Day Nineteen Recap

“A poem of the right shape will hold a thousand truths. But it doesn’t say any of them.” ~Ursula K. Le Guin

(A quote in memory of my friend the exquisite poet Susan Laughter Meyers, who I just learned died suddenly last week.)
Gravely leaving Grave Spring
Gravely leaving Grave Spring

We took our time leaving Grave Spring. Made more cowboy coffee, had breakfast, took some pictures, checked the trailer brakes (and readjusted them) then headed out. We had seen The Loud Family leave by way of the route we planned and since they were pulling two huge trailers, we assumed that the road would be easier in that direction than it had been coming in. Boy, was that assumption ever wrong.

Rough road
Rough road

We had to go between 5 and 10 miles per hour because the dirt road out was uneven, rocky, washed out, and rutted. The trailer held up like a champ but it took three hours to go about 25 miles. At one point, I got out and walked beside the Jeep because it was so frustrating. (And in case you were wondering, my current meditation pack is on Restlessness, so yes, I am probably on the right pack. One of the ideas I keep returning to is that the spaciousness of the mind is so vast that we can’t comprehend it, so we need to let go the idea that a restless mind is something to fight. We all have restless minds. It’s the human condition. Learning to accept the restlessness and refocus when it interferes, that is the real goal.)

Wild(ish) horses
Wild(ish) horses

When we reached Ten Sleep, Wyoming—so named by the Native tribes that marked it as halfway (Ten Sleeps) between Casper and their summer hunting grounds—we got gas (Yes! We made it on the gas we had.) and there discovered that somewhere along the the 4-wheel-drive road, the electrical connector for the trailer had gotten ripped out and then caught on something else and ripped off the end and then when we reached hardtop, dragged along the highway. It looked like it had been through a shredder and we knew that needed addressing immediately, so instead of heading to Medicine Lodge as we had intended, we searched for a repair place and found The Tractor Guys in Worland, Wyoming. Like everyone else we have pulled in and begged to assess our issues, they were extremely willing, generous, and helpful. They let us leave the trailer and we went for lunch with just the Jeep. We found a Mexican restaurant that was neither very Mexican, nor much of a restaurant and ate, then returned to the shop. I sat in the car and tried for more than an hour to download my next meditation on Restlessness (how ironic), only to get dinged by Sprint for using all my roaming data, and still not getting the next day downloaded.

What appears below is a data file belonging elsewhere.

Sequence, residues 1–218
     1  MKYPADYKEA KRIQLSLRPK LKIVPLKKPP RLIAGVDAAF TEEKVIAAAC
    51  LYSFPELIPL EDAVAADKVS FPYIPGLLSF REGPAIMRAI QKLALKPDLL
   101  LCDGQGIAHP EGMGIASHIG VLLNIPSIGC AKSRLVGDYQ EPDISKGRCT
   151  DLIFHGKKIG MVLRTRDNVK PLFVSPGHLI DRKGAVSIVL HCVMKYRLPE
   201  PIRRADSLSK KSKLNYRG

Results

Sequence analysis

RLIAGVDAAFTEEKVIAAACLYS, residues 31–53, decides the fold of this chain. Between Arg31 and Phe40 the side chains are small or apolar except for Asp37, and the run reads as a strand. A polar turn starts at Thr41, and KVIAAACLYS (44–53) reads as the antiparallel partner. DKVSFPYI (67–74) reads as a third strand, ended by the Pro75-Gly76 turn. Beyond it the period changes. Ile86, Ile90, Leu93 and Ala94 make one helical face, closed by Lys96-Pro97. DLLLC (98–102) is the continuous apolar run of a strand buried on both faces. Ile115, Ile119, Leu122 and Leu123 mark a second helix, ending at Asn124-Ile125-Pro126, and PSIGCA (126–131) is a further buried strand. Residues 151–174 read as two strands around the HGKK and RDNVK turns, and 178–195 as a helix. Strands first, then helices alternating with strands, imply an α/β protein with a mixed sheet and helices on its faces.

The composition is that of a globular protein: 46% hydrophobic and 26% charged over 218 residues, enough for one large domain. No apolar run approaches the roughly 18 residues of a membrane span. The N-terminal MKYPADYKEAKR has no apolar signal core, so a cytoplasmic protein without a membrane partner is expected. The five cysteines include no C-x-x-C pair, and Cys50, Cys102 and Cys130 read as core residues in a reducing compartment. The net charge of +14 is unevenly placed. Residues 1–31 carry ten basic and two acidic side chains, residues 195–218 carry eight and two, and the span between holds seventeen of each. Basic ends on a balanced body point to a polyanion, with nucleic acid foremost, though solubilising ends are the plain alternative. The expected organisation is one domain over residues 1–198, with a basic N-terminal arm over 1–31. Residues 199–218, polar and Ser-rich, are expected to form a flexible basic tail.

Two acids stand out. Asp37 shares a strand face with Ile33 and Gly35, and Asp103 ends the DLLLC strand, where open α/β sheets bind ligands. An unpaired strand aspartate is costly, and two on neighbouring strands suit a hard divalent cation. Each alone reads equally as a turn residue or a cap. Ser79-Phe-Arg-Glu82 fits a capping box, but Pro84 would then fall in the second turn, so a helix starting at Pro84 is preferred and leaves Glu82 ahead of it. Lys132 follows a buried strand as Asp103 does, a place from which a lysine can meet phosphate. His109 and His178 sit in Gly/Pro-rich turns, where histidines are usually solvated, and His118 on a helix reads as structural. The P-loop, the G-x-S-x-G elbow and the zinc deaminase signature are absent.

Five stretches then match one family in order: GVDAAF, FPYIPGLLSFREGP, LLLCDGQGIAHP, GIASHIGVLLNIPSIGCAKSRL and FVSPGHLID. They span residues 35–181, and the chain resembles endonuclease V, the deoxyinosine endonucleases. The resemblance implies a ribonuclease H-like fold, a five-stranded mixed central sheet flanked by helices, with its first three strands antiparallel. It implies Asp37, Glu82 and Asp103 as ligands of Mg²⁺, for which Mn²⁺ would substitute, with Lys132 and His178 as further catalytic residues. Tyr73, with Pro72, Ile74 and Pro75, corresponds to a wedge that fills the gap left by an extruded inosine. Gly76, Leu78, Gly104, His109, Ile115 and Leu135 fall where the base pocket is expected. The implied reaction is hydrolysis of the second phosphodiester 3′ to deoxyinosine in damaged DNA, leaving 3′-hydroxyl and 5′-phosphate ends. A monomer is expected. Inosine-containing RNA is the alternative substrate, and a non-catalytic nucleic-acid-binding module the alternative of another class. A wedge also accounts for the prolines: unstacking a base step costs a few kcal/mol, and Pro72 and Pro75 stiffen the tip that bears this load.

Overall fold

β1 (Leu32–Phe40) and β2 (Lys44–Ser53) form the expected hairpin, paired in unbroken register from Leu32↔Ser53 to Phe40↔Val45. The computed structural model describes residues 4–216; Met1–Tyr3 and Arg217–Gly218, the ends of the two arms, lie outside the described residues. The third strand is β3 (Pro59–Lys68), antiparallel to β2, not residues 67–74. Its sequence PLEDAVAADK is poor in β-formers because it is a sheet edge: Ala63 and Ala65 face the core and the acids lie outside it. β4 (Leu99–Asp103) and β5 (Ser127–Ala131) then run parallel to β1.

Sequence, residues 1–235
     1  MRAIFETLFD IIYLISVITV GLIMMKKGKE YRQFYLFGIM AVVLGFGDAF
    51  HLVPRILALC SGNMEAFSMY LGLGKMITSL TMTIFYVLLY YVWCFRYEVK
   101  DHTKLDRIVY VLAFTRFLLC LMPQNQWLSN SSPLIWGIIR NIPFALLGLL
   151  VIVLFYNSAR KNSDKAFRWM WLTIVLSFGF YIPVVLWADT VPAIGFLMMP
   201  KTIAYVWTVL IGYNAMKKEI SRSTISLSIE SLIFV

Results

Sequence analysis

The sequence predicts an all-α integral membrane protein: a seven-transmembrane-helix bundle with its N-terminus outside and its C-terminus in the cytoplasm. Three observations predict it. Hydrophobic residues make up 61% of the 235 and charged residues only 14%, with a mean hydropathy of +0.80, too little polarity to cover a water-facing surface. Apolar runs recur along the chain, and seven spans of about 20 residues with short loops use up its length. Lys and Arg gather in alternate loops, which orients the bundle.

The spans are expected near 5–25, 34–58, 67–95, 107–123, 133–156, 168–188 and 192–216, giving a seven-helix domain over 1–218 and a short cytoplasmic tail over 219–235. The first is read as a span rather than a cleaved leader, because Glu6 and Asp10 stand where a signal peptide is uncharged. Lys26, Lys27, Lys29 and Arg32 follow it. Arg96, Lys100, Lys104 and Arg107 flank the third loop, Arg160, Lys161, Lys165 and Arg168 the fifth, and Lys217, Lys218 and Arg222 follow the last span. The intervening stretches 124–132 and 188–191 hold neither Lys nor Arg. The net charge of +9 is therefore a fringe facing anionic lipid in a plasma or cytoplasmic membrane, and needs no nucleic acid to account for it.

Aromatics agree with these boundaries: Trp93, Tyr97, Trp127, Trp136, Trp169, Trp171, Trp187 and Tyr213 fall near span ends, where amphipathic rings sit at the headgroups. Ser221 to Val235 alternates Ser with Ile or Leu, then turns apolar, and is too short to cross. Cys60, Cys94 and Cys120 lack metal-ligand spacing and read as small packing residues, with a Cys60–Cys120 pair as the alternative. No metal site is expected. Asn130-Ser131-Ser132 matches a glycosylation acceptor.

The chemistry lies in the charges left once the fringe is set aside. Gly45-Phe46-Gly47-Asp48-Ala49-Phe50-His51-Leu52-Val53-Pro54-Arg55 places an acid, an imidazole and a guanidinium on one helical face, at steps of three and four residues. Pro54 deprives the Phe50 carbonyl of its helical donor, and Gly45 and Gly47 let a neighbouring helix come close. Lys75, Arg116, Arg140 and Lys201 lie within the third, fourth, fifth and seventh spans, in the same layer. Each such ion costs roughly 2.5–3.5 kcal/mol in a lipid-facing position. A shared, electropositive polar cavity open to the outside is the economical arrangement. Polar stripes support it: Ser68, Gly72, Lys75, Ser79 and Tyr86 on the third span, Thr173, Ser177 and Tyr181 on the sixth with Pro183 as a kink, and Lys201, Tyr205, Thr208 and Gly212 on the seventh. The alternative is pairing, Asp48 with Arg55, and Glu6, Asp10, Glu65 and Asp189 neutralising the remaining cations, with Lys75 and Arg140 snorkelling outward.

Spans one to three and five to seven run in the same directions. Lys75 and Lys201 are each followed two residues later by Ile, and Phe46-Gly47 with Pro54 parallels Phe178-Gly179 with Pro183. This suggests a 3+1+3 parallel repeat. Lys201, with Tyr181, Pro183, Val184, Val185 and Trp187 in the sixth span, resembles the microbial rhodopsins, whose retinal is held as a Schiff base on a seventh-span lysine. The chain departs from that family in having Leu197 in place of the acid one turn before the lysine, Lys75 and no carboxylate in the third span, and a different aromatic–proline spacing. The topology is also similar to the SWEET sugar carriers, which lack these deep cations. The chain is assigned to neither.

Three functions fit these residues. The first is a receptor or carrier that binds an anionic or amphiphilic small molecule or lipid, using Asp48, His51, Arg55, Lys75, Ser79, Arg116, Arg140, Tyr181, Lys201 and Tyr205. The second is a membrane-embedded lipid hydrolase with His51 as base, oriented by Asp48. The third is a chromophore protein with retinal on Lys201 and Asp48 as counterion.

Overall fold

Exhausted by frustration, rough road, changed plans, and the heat, we looked for a campground in Worland, found a great one nestled in among some tall, beautiful trees, got a site, went back out to the car wash to get rid of the massive quantities of dust, pulled in, spent another hour cleaning dust from the inside of the toolbox and the doorwells, windows, and screens, and then crashed.

D19Leaving views
Leaving views

At roughly midnight, the noise of a heavy engine woke us up. We’d been warned that the town might spray for mosquitoes, so we closed all the windows and waited. The noise got louder and closer and bright lights filled our cabin, giant air brakes popped and hissed, and we soon realized that it was someone driving the most massive RV ever made (seriously, think Willie Nelson Tour Bus), as well as towing a Chevy Blazer behind it, attempting to edge past the nose of our Jeep while negotiating a tight turn unassisted. We were just thinking we should get up and supervise when we heard someone yell, “Whoah, whoah, whoah, stop!” Thankfully, it was the owner of the campsite who had also heard the noisy rig and come just in time to keep the driver from smashing into us. So we had to climb out in our PJs, get the keys, and back up the trailer so this yahoo could get his rig around the corner he had no business trying to navigate in the first place, while the owner apologized to us profusely. (The next morning he told us he’d paced it off and the rig was 49 feet long, plus about twelve feet of vehicle being towed behind it.)

It took a while to get to sleep after that fiasco, but we’ve had something come up unexpectedly almost every night of the trip, so we’re learning to just roll with it.

Random fact: The Bighorn River is expected to reach maximum snowmelt stage this weekend, and it is already ripping.

Tomorrow: Same campsite, more work on the trailer brakes and wiring.






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